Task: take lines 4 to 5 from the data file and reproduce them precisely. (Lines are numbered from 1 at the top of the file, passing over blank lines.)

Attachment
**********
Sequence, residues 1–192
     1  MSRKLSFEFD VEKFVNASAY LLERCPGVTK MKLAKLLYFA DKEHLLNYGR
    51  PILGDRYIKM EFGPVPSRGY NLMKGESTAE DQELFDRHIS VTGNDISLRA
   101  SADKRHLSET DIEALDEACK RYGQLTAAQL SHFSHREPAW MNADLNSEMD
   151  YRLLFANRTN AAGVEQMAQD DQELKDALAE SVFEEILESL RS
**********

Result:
   101  SADKRHLSET DIEALDEACK RYGQLTAAQL SHFSHREPAW MNADLNSEMD
   151  YRLLFANRTN AAGVEQMAQD DQELKDALAE SVFEEILESL RS